According to Schmid, media can basically be defined as follows: They are enablers of interaction, i.e. they allow for exchange, particularly the communicative exchange between agents. Such interaction enablers can be structured into three main components:
First, a physical component (C-Component) allows for the actual interaction of physical agents. This component can also be referred to as carrier medium or channel system. Second, a logical component (L-Component) comprises a common “language”, i.e. symbols used for the communication between agents and their semantics. Without such a common understanding, the exchange of data is possible (with the help of the C-Component), but not the exchange of knowledge. Third, an organizational component (O-Component) defines a structural organization of agents, their roles, rules which impact the agents’ behavior as well as the process-oriented organization of agents’ interactions.
Together, these basic three components have been identified to constitute various kinds of media. Among others, it is appropriate to describe electronic media such as those deployed to support cross-organizational collaboration. Based on these components which already represent a first, scientific approach to modeling, understanding and reorganizing media, a layer/ phase reference model has been introduced as well.
The Media Reference Model (MRM) comprises four different layers (which all represent dedicated views on media) and structures the use of media into four sequential phases. Similar to the emerging field of software engineering in the software context, the MRM aims to provide a comprehensive, coherent and systematic framework for the description and analysis of various media.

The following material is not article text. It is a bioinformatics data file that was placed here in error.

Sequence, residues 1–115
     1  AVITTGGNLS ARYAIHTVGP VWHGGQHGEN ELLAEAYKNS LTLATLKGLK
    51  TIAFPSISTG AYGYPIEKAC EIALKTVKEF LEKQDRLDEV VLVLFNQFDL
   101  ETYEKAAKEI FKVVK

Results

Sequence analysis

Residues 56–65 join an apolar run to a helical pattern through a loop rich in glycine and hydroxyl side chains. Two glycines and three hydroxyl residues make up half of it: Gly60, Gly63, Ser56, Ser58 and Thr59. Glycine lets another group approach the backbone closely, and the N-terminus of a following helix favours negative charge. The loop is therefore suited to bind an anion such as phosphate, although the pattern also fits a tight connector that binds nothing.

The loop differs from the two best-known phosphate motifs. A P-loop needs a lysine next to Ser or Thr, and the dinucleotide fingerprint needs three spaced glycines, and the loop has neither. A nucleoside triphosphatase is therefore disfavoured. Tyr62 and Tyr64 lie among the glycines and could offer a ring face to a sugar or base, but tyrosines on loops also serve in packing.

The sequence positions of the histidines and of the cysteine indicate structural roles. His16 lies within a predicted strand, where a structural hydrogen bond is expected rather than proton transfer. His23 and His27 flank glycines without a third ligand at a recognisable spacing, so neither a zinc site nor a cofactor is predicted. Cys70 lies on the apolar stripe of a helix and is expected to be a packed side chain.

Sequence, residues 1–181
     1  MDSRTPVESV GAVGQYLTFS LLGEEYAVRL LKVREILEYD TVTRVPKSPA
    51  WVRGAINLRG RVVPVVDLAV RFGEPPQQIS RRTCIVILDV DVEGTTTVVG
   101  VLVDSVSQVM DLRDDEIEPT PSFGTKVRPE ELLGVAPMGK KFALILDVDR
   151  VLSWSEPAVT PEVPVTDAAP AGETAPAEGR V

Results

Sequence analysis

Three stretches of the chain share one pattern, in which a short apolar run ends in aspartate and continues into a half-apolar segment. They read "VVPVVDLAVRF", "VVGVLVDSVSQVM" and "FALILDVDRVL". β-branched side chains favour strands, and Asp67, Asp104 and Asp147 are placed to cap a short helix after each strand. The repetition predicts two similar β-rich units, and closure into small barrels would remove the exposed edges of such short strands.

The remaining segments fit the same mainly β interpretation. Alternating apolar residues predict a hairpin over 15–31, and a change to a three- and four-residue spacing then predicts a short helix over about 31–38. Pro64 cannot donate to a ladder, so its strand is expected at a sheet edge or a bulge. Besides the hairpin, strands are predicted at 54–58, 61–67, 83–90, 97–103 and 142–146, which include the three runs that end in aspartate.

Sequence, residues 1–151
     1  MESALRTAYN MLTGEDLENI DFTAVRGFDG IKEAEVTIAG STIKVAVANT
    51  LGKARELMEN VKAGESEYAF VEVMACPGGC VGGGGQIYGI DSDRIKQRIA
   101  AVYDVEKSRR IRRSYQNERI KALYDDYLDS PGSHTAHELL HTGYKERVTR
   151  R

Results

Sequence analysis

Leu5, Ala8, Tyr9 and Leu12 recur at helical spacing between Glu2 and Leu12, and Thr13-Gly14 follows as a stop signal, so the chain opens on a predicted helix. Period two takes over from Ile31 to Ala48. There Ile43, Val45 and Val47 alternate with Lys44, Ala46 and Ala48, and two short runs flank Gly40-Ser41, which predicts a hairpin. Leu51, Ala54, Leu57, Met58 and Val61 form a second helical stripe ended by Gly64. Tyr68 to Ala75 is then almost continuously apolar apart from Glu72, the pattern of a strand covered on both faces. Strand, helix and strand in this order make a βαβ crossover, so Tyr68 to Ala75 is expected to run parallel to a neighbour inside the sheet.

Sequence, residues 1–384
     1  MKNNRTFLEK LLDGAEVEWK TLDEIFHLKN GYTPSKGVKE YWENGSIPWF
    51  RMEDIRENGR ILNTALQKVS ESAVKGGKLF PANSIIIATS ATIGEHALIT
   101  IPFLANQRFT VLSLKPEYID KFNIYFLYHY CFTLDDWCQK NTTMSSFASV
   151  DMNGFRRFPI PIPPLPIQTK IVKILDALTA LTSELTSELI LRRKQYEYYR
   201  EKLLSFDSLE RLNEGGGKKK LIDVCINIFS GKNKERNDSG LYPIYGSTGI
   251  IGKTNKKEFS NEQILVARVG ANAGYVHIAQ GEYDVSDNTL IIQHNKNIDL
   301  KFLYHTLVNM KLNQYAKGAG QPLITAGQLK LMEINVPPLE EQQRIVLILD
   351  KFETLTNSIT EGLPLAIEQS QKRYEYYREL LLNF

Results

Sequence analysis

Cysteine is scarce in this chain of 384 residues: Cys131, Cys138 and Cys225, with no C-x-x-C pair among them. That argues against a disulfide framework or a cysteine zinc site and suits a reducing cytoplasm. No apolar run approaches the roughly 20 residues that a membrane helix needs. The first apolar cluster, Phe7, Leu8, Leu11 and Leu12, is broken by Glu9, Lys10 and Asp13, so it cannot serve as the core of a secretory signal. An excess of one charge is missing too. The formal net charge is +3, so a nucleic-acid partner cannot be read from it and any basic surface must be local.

The Community View (first layer) thereby accounts for the set of interacting agents, the organization of the given agents’ population, i.e. the specific roles of involved stakeholders, the situations in which they act as well as the objects with which they deal. Summing up, it models the structure of the social community sphere in a situation-dependent, but static fashion. The Process View (Implementation Aspects) deals with the modeling of the process-oriented organization of agents and can also be referred to as "Interaction Programming". It is also called implementation view as it connects the needs of the community with the means provided by the carrier medium and thus implements the "community-plot" on the basis of the carrier medium. The Service View (Transaction View) models the services provided by the carrier medium which can be used in the different interaction steps to reach the respective interactions’ goals. The Infrastructure View models the production system, which creates the services provided by the service view, i.e. in the case of electronic media the actual underlying information technology.
The above discussed three major components can seamlessly be integrated into the MRM: The upper two views (Community Aspects and Implementation Aspects) represent the organizational component (O-Component) which accounts for the structural as well as process-oriented organization. The lower two layers are mapped to the physical component (C-Component) which focuses on the creation and provision of services. Last, the logical component (L-Component) concerns all four layers as it ensures that interaction of agents is based on a common understanding of exchanged symbols.